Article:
Sewage treatment plant that can cover a big part of its energy requirements by altering the processing techniques and by using sewage gas to produce electricity
Local municipalities need ca. 20% of their electricity demand for the operation of their sewage treatment plants, which often makes them the largest energy consumer, and energy amounts to ca. 30 percent of the annual operating costs. Sewage treatment plants that produce biogas in their sewage sludge treatment process with anaerobic digestion can produce enough energy to meet most of its energy needs.
The Verbandsgemeinde Weilberbach, Germany, 13,790 inhabitants, treating 1.6 million m3/y of wastewater consumed in the past 480,000 kWh/y of electric energy and 3,800 litres of liquid gas for heating. The processing technique was changed from aerobic digestion to anaerobic digestion with the production of biogas in the sewage sludge treatment process, and adding 2 CHPs (combined heat and power plants) for electricity and heat generation.
The energy demand was reduced by altering the processing technique and through other efficiency measures. The blower system usually needs up to 50% of the electricity. The agitators are usually the third biggest consumer in sewage plants. The following measures have been undertaken to save energy: the installation of a plate aerator/ membrane plate diffuser, optimized agitators/stirrers in both aeration tanks and the renewal of the blower.

Resources needed

Total costs: 4,000,000 €
For maintenance: € 1,200,000 €, for energy efficiency measures: € 2,800,000
Origin funds: own funds (credit) € 3,420,000; € 580,000, Federal Ministry for the Environment
Savings: ca. € 263,000/y, Amortization: ca. 17 years (interest 2.5%, increase energy costs 4%/y)

Evidence of success

During monitoring, approx. 294,560 kWh/a of electricity were produced using cogeneration (CHP). Additionally power was generated from PV: 1,814 kWh/y. Consumption 447.982,2 kWh/y ( - 32,000 kWh/y despite additional consumers) . 72.2% of energy demand covered with own production. Heat: 100%, no external energy source.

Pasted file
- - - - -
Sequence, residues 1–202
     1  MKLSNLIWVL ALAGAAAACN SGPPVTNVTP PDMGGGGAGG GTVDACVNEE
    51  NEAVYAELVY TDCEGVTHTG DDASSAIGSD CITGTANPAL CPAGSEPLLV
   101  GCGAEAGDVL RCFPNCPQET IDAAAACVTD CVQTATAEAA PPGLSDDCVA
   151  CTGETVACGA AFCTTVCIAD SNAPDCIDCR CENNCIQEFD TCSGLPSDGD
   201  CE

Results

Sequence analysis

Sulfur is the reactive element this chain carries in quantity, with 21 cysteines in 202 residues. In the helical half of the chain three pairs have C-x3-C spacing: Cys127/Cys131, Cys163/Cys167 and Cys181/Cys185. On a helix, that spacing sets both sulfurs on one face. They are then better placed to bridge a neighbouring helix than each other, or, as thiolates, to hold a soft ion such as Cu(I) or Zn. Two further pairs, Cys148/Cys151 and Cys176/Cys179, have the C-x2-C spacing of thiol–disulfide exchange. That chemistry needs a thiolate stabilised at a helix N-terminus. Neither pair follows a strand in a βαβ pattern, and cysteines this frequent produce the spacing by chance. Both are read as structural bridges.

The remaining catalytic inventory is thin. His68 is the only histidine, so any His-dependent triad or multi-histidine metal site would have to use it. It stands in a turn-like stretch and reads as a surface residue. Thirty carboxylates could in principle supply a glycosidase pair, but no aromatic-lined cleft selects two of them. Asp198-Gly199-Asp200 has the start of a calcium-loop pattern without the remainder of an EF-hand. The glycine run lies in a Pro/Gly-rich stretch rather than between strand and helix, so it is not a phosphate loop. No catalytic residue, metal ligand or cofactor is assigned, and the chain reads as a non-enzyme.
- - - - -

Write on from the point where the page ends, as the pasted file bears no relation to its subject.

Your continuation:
Reduction of dry sludge to be deposited: 35.8%
CO2 savings: 181,4 tons/y

Difficulties encountered

During monitoring (09/2015 - 08/2016) minus 20% of waste water arriving produced sub-optimal values in the production of biogas. The energy self-sufficiency target since has been improved through reduction in aerating energy and sludge age/increase of energy content in the excess sludge.

Potential for learning or transfer

High potential for savings (emissions, energy, costs). Sewage collection and treatment is usually a municipal task and sewage treatment plants are major energy consumers. Potential saving of energy demand of municipal sewage treatment plants: 30%. In Rhineland-Palatinate a few municipalities already invested in energy efficiency measures in sewage plants and are able to show that is economically efficient, e.g. Pirmasens (40,000 inhabitants, cost savings/year: 162,000 €) and Wörrstadt (7900 inhabitants, cost savings/year 89,000 €). In Germany one out of eight sewage plants installed a CHP to use sewage gas for their own energy supply.
Sewage plants can be found in municipalities all over Europe. If energy efficiency measure are combined with making use of sewage gas the emission savings effects are even higher. The municipality of Weilerbach did both and this is why this practice has great potential for transfer and learning.

Please login to see the expert opinion of this good practice.

Main institution
Verbandsgemeinde Weilerbach
Arnsberg, Germany (Deutschland)
Start Date
June 2013
End Date
December 2014


Karl-Ludwig Schibel Please login to contact the author.

Good Practices being followed by

Demetrio Antonio Zema

Mediterranea University of Reggio Calabria

Elisabeth Wauschkuhn

Energy Agency of Rhineland-Palatinate